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A day in the life: moguls skiing

21 March 2017

FREESTYLE SKIING: A lover of pump-up music and vegemite, Brodie Summers shares what it is like to be an elite moguls skier working towards qualifying for the PyeongChang 2018 Winter Olympic Games.

The Sochi 2014 Olympian ended the 2016/2017 World Cup series ranked eighth in the world for moguls skiing having podiumed twice in the season, winning silver at the World Cup in Thaiwoo and bronze in Dual Moguls in Deer Valley.

The 23-year-old narrowly missed out on a top-10 finish at the 2017 World Championships in Sierra Nevada, placing 11th in an extremely competitive field.

Day in the life of Brodie Summers

Warm up Bike

I leisurely wakeup alongside my teammate, Matt Graham (we always room together) before he heads straight to breakfast in the hotel lobby – always with the essential jar of Vegemite!

The men on the Aussie mogul team like to give ourselves plenty of time for meals. There is at least one hour allocated to meals - we must ensure there is enough time to play a couple of hands of cards. The conversation usually consists of thanking our graces that we don’t have to get up as early as the women, as well as some standard banter about the course and weather conditions.

After breakfast we usually get changed and begin our warmup immediately. The location for warmup can vary drastically. Sometimes the hotel has a designated area with enough space to perform our warmup routine but sometimes we are left to do it outside. More often than not though, we will do the warmup in the hotel corridors (we try to keep the noise level to a minimum).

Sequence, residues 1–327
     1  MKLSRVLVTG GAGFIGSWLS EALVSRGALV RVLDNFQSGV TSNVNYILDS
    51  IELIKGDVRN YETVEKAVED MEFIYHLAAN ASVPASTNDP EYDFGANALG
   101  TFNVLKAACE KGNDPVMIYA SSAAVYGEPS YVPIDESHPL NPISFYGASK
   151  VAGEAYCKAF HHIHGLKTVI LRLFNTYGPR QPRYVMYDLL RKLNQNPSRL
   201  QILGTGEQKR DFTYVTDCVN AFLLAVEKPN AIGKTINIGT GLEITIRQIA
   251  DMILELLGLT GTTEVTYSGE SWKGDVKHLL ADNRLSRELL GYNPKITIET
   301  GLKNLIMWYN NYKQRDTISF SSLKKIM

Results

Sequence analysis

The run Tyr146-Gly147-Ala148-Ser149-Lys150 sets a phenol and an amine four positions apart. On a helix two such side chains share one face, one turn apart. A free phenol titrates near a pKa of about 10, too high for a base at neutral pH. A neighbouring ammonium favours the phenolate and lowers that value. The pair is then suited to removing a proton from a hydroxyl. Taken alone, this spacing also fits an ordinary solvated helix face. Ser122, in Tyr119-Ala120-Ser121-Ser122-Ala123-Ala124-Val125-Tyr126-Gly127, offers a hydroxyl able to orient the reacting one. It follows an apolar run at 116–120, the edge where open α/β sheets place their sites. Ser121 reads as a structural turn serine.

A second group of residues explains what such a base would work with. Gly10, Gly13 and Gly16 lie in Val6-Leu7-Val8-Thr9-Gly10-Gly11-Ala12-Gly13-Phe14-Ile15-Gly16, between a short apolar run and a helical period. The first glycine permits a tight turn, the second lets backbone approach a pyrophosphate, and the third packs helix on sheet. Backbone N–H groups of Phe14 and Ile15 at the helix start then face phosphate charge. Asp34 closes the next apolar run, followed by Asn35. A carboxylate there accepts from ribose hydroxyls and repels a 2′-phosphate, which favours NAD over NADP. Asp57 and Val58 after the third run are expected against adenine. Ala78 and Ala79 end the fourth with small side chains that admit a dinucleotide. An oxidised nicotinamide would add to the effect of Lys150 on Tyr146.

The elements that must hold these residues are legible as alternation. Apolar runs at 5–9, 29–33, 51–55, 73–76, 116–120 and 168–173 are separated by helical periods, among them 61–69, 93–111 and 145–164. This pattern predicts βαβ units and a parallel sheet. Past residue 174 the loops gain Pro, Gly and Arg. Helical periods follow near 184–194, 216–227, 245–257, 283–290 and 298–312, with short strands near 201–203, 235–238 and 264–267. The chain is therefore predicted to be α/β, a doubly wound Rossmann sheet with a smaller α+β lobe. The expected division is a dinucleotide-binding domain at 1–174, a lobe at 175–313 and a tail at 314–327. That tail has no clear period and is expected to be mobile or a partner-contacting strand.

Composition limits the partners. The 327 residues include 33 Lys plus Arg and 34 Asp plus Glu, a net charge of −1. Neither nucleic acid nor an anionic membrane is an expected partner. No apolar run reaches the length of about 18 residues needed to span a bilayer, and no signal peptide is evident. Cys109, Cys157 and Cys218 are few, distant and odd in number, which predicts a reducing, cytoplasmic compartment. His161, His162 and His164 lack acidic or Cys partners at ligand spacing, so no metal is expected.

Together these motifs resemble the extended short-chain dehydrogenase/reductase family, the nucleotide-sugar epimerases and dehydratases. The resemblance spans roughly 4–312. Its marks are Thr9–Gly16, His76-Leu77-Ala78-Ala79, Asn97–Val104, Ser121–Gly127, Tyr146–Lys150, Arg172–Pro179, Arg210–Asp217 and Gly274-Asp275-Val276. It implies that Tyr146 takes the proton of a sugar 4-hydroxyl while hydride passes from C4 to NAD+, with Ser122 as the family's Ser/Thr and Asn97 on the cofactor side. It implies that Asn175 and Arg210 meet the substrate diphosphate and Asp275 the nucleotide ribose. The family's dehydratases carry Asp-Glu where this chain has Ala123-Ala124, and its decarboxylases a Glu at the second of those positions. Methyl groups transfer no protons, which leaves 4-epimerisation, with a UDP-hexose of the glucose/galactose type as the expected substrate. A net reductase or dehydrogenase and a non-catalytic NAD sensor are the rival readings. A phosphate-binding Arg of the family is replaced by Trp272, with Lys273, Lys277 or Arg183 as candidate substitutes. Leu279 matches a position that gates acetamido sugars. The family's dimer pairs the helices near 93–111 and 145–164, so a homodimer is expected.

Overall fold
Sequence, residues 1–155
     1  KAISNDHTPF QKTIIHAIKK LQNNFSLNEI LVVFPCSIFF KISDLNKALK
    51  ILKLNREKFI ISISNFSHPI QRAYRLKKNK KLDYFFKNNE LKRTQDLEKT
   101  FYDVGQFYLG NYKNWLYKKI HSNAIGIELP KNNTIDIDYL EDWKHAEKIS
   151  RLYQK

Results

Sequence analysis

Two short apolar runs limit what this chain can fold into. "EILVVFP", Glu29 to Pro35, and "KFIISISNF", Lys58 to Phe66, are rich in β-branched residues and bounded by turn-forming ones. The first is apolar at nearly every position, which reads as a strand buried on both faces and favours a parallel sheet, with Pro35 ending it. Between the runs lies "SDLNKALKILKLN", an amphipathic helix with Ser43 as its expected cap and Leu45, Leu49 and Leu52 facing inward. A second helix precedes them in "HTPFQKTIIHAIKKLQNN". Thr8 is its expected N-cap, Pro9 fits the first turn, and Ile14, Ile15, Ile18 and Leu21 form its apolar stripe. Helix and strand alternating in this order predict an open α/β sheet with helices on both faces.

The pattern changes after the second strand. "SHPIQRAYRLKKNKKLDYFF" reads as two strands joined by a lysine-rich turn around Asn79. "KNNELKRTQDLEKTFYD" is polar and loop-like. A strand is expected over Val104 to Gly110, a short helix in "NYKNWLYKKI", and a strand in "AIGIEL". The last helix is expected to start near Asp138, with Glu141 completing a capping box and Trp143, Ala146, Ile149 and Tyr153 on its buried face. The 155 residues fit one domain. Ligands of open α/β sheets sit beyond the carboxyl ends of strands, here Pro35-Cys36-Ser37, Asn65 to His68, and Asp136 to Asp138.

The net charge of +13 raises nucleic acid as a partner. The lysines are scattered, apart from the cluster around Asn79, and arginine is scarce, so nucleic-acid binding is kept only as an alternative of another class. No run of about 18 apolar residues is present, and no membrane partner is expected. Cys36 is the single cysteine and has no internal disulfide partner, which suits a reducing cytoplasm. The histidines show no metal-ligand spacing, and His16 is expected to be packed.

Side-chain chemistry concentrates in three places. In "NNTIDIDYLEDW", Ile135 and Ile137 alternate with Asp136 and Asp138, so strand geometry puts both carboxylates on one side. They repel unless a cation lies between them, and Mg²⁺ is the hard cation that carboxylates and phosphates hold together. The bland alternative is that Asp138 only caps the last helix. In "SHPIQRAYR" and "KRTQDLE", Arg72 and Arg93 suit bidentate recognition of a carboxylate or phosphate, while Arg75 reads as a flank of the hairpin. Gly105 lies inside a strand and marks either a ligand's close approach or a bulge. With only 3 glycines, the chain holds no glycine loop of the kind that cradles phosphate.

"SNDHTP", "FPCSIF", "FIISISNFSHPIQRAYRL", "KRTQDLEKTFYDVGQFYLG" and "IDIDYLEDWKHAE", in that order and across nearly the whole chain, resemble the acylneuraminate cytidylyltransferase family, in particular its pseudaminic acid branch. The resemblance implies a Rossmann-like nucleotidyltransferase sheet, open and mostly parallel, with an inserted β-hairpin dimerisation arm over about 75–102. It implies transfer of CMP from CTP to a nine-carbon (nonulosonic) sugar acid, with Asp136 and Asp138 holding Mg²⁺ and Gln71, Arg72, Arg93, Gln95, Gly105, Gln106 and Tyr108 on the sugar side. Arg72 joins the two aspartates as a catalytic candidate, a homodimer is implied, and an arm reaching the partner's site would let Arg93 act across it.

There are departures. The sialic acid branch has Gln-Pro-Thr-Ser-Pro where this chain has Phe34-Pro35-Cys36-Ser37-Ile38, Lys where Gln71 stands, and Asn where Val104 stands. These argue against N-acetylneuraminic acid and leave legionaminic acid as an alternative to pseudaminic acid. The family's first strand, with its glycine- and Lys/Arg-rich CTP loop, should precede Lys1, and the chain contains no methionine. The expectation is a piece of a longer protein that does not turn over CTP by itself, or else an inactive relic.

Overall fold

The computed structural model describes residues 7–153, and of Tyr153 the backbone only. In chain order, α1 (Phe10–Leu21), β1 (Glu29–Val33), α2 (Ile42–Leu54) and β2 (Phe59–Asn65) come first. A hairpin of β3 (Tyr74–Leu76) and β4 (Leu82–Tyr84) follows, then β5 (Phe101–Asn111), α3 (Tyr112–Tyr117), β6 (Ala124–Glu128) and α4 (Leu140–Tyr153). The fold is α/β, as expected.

Warm up Bike

Once Matt and I are back in the room however, the volume gets turned way up as we listen to our comp day pump up beats to get fired up! It’s generally a pretty quick turnaround from the time we finish warming up to leaving for the hill as we want to make sure our muscles don’t go cold again.

On the way to the course we generally have our headphones in, listening to our own music to get in the zone.

Once we arrive at the course we drop our bags and have a quick word to the coaches about conditions and how the girls have gone in their qualification. Then it’s straight up to the top for official inspection. This is usually 10 or 15 minutes where we get to check out the course and finalise any familiarization/visualisation needs that we may have. Training will start immediately after inspection and there’s usually enough time for two or three runs before qualifications start.

Check out the video of Brodie Summers winning silver at the World Cup in Thaiwoo, and standing on the podium with teammate Matt Graham who won bronze in China.

In moguls the top 30 ranked skiers are randomised in start order and then all other competitors after that are randomised. So I know that I’ll always be early on in the order, which is nice as it generally means my legs have still got enough fire in them from the training runs that I can carry through my qualification run. It is worth noting that a standard men’s field is usually anywhere between 50-70 guys.

Warm up Bike

If everything goes to plan I will have qualified for finals (top 16) and will have enough time for one training run before final 1. There’s usually a bit of a wait as they run the top 16 women first and then however many men qualified below you from the first round (as it’s done in reverse order from qualifications).

Once it’s my turn it’s all about trying to make that top 6 to get through to the medal round (aka the Super Final). Hopefully I make it through because it’s never nice to have an early lunch on comp day!

At the conclusion of the event there is always a podium ceremony (hopefully we’re a part of it) and then after that it’s a race back to the hotel to either get the recovery program started or pack our bags. It depends on whether we are competing again the following day, or if we are moving onto the next destination. It’s usually a sort of silent race to be the first one to finish packing your bags in our team!

Brodie Summers

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